First the great news about the Police officially reforming to play the Grammys and tour this spring and summer (can't wait! I'll see many of you at Dodger Stadium in June).
Now, the original four members of R.E.M. (singer Michael Stipe, guitarist Peter Buck, bassist Mike Mills and ex-drummer Bill Berry) got together in the studio last year to record a cover of John Lennon's masterwork "#9 Dream" as part of a charity collection titled "Instant Karma: the Campaign to Save Darfur." I'm sure the band's recording (which goes out to radio this week, with the album itself set for release on June 12) is great and I can't wait to hear it.
As most of you know, I rarely talk about politics in this column. In fact, I am happy that R.E.M. and a number of other bands are (finally) working with Amnesty International to try to bring some attention to the terrible genocide going on in the Darfur region of western Sudan. I recall doing a story several years ago (2003, as I recall) about Costa Mesa-based singer-songwriter-composer Ken Tamplin, producer of the Sudan relief CD "Make Me Your Voice," an effort that got very little attention in the mainstream media. In fact, Tamplin was honored by President Bush for his efforts and I suspect because so many of the victims have been black Africans and/or Sudanese Christians and those doing the killing are mostly Muslim that the world has been afraid to speak out.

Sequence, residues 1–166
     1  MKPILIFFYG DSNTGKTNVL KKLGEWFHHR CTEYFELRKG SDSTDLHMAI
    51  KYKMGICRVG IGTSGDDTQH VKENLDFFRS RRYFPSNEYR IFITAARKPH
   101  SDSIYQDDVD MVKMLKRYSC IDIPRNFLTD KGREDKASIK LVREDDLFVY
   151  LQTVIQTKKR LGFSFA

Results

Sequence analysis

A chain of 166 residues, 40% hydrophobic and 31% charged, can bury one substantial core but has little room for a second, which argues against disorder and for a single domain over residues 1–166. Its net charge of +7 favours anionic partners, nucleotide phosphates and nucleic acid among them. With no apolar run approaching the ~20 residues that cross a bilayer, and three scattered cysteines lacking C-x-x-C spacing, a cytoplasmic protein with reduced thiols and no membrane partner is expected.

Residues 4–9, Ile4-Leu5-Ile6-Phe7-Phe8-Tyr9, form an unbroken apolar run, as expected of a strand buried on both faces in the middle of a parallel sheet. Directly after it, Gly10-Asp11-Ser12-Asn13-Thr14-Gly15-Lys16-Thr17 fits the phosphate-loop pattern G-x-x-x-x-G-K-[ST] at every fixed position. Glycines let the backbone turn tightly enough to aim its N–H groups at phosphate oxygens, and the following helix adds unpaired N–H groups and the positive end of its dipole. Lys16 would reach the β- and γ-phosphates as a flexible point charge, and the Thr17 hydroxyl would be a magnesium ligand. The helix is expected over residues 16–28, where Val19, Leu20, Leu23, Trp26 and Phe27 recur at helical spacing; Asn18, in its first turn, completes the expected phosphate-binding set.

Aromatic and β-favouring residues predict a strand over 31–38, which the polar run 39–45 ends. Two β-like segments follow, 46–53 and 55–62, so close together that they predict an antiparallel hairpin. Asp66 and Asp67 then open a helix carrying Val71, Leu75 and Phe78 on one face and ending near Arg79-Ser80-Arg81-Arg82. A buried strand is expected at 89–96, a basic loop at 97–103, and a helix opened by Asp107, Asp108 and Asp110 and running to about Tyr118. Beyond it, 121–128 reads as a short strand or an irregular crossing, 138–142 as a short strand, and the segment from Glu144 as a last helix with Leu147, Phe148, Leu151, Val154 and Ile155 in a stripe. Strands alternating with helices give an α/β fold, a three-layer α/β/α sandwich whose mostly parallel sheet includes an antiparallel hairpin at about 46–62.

I think it would have been good for the U2s and R.E.M.s to focus on Sudan five or six years ago, and now I fear by the time something is done it will be too late. And I fear the world has lost its resolve to use force to stop the terrible murders and rapes going on in Sudan so it will be the killers who ultimately determine when the crimes stop. And that it a timeline that means innocent men, women and children will continue to die for far too long.